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Generators of Support

The Social Dimension

Using Willpower and Gaining Supportrepresented by the Triads in the Structural Hierarchy of Creativity in Work.

Prior to this point, not much has happened externally. You have released energies for your challenge (RsH-G1). And you have involved yourself mentally in ways that allow you to feel confident (RsH-G2) about the way forward. However, there has been no focus on the many activities that you must launch and sustain if your project is to succeed.

All creative activities are social. Progress normally depends on your willingness to do otherwise disliked tasks, and a readiness of others to assist in minor and major ways. As long as you proceed shrewdly, your enthusiasm-RG3 will encourage others to put in their time, ideas, resources or efforts for your project. To participate, they also need to feel enthusiastic, at least temporarily. Fortunately, genuine enthusiasm is infectious. There is a virtuous circle: their enthusiasm, even with limited involvement, feeds back to sustain yours.

There are 5 generators of support as shown in this Table.

Group Use of Enthusiasm Type of
RG35 To Activate Transpersonal
RG34 To Appreciate Interpersonal
RG33 To Share Intrapersonal
RG32 To Interest Contributory
RG31 To Engage Functional

More details of focusing enthusiasm emerge from the internal structure of each Triad. Support needs to be provided as follows:

g3 Top internal Level Handle yourself and others shrewdly: i.e. your enthusiasm must focus to suit your effort & the situation.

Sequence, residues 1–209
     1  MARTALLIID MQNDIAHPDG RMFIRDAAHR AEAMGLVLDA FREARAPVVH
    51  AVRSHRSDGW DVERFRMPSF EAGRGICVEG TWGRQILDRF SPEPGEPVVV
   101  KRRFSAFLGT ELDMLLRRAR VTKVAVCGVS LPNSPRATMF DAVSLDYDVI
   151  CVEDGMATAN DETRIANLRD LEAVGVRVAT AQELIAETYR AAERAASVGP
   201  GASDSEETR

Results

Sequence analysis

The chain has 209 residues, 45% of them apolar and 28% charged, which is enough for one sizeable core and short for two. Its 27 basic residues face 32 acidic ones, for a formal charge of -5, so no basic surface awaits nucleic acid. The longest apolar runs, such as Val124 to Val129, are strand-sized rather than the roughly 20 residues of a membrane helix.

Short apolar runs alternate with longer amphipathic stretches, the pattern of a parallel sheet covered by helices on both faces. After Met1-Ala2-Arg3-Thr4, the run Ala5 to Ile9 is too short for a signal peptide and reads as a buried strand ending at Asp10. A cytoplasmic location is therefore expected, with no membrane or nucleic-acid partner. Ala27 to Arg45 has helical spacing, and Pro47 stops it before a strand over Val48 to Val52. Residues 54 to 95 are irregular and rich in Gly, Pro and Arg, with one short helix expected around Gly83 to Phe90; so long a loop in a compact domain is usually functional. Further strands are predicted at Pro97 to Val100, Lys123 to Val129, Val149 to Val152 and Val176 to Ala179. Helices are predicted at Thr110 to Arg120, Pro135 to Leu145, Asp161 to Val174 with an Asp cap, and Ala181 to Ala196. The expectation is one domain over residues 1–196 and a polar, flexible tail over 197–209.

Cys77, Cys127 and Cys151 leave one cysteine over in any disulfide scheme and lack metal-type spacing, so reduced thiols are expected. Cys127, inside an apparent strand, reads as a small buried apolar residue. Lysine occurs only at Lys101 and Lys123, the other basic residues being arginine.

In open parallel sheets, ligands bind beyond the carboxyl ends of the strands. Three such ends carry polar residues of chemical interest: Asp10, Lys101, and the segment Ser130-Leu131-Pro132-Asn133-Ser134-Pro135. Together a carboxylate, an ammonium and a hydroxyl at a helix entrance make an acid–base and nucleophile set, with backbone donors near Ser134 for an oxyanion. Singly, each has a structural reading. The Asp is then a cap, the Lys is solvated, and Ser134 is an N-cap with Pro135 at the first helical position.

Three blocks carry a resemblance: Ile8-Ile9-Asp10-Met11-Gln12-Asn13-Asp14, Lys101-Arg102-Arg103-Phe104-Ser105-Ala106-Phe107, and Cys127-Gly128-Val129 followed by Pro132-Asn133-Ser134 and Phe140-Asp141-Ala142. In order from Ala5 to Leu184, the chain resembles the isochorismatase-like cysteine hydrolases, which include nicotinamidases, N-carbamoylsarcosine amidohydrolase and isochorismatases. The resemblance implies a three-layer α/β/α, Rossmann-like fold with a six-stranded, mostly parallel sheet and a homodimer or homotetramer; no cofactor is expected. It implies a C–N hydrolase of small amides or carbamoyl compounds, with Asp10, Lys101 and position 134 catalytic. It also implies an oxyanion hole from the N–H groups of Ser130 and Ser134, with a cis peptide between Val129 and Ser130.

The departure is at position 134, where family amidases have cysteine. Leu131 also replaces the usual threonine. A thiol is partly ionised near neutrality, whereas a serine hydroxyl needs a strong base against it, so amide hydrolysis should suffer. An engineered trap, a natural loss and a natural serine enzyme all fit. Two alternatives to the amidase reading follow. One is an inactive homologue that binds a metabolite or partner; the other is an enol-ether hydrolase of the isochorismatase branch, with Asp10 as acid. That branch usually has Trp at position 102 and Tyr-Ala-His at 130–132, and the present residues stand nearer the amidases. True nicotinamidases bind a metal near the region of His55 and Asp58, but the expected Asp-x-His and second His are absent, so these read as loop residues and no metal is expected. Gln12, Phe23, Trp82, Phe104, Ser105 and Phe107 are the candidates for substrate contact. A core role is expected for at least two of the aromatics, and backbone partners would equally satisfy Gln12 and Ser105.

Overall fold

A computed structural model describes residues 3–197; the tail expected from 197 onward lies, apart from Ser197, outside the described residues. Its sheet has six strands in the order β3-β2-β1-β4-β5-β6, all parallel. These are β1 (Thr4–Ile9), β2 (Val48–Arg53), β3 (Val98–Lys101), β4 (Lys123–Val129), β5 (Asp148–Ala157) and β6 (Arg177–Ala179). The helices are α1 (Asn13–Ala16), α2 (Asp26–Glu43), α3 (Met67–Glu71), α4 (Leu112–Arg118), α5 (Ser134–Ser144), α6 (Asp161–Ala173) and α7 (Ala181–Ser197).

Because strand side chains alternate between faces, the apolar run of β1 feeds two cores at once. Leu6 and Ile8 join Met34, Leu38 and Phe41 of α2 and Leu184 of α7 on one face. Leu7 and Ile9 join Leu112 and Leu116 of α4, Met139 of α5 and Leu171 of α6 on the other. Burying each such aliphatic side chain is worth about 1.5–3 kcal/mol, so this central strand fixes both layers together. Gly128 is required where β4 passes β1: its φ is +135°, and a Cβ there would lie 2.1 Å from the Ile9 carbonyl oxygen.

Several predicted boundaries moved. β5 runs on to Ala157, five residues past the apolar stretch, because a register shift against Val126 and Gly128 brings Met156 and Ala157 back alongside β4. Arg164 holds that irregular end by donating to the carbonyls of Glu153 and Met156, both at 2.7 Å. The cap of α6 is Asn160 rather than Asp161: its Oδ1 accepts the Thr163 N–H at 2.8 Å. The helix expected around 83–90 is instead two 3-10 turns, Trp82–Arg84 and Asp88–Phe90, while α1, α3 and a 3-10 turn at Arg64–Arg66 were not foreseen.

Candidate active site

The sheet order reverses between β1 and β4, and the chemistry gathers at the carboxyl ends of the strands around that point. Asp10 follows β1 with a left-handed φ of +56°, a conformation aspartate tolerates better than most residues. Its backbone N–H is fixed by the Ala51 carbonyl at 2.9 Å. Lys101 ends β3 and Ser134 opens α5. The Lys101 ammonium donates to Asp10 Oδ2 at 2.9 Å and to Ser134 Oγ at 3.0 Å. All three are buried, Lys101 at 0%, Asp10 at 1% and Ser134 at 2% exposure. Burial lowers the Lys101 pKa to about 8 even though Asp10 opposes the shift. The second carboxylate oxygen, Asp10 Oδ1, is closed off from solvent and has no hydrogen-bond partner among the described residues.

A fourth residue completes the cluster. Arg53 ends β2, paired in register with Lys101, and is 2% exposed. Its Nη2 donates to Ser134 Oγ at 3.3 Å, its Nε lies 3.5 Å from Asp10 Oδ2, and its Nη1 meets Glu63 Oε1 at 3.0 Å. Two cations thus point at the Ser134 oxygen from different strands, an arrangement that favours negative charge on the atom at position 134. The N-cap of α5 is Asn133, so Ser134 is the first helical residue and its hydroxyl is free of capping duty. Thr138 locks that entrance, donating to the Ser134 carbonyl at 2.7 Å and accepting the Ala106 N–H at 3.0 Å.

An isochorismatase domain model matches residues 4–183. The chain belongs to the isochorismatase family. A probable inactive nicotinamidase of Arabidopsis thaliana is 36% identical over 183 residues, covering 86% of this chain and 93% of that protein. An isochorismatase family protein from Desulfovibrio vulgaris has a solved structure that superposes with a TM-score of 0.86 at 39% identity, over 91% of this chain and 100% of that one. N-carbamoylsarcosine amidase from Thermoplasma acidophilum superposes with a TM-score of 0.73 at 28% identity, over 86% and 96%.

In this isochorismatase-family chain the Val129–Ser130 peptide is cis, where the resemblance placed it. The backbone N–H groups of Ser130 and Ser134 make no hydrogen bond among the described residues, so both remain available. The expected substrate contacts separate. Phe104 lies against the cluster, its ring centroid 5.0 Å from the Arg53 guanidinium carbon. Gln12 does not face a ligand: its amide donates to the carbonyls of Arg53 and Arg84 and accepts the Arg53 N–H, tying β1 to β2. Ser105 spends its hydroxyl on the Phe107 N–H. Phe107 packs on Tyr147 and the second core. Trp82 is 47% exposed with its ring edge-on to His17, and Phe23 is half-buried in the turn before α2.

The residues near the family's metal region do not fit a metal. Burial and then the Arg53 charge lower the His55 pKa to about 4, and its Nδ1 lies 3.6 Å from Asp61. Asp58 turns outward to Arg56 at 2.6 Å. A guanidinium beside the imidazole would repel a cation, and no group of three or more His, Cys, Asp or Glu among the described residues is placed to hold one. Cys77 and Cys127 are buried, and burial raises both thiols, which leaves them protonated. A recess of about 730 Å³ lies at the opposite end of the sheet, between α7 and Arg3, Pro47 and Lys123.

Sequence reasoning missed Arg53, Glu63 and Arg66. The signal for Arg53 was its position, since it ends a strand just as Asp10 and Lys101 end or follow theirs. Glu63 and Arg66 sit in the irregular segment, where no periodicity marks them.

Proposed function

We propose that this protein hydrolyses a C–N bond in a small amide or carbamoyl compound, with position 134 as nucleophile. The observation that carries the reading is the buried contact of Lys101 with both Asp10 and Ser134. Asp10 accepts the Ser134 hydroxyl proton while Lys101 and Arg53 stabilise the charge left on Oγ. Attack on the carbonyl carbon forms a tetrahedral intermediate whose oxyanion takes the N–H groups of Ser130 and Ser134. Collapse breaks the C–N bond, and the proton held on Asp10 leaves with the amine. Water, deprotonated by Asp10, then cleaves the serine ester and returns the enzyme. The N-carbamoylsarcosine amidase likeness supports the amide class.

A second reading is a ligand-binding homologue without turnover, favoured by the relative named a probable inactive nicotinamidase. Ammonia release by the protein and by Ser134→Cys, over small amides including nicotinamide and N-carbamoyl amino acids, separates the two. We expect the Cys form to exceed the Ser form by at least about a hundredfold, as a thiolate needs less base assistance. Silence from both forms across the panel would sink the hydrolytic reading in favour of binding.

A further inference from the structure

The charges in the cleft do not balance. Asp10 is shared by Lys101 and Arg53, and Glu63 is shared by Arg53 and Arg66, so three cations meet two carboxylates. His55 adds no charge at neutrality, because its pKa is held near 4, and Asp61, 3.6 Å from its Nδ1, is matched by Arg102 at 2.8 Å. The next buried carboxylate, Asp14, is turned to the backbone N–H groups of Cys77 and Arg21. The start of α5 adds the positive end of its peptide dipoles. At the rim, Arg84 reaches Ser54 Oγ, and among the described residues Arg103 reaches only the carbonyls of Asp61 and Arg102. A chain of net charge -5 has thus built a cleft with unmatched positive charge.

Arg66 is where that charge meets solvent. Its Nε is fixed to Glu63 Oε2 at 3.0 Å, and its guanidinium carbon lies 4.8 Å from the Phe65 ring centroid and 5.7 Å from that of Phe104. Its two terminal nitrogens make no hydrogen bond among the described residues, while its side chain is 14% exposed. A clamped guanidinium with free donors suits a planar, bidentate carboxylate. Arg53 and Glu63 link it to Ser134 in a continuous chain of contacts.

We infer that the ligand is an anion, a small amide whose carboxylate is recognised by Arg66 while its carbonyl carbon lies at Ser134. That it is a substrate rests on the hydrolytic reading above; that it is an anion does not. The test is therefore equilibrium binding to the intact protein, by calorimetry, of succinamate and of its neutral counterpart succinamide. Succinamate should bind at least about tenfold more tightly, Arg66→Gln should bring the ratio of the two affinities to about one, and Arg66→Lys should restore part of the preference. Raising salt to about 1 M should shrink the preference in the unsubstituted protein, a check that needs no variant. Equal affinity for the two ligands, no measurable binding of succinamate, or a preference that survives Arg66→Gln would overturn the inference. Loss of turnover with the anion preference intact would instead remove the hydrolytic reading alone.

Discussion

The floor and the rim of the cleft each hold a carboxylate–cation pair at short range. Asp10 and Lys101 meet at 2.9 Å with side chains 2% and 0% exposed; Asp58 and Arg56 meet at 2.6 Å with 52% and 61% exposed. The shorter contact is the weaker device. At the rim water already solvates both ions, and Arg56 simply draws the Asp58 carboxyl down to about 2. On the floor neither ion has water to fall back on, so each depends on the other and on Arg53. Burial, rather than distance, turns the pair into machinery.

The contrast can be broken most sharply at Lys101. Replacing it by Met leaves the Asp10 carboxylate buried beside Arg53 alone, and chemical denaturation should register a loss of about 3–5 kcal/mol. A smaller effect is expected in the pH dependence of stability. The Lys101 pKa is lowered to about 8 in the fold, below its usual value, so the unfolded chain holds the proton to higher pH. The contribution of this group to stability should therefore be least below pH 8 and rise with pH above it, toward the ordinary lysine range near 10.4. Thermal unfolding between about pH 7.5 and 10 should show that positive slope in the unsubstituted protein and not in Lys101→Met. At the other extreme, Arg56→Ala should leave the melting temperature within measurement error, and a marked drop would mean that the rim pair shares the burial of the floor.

g2 Middle internal Level Handle yourself and others sensibly: i.e. your enthusiasm must be intelligible and reasonable.
g1 Lowest internal Level Handle yourself and others meaningfully i.e. your enthusiasm must have relevance and significance.

Depending on the challenge and the moment, the focus for enthusiasm may be on yourself or on someone else. Certainly, at different times, you need to activate yourself, appreciate yourself, share your experiences with yourself, interest yourself and engage yourself.

The Five Generators

Activation: RG35

You must activate yourself and become energized with an intense desire to proceed in whatever manner is possible. Your own visible enthusiasm-based activation carries weight. Others will be able to experience it directly via a spontaneous identification with you. If you can also activate others in relation to your project, which is never easy, you can build a network who will endorse what you are doing, and back you in public.

Shows of enthusiasm may be suppressed in business circles, either as part of maintaining a rational orientation, or establishing a stronger negotiating position.

To activate: you must meaningfully explain the project (RL5:g1), sensibly identify core ideals or goals (RL6:g2) and be willing (RL7:g3) shrewdly to do some things and avoid others.

ClosedSee the Picture & More

Appreciation: RG34

From time to time, you have to appreciate yourself. It is essential to recognize an achievement, even a small one, as this supports your continuing efforts. If you can appreciate others, even someone only peripherally involved, then you enable reciprocal recognition that boosts self-esteem further. In a group, enthusiastic appreciation maintains morale and fosters mutual encouragement and assistance. A powerful clique may then gather around your project.

Imagining that you are self-sufficient and multi-talented will lead you to neglect others and suffer accordingly.

To appreciate: you must meaningfully experience the importance of a specific person (RL4:g1), affirm this to that person in a sensible way (RL5:g2), and shrewdly select values and goals (RL6:g3). This person must be yourself, and it can and should be others too.

ClosedSee the Picture & More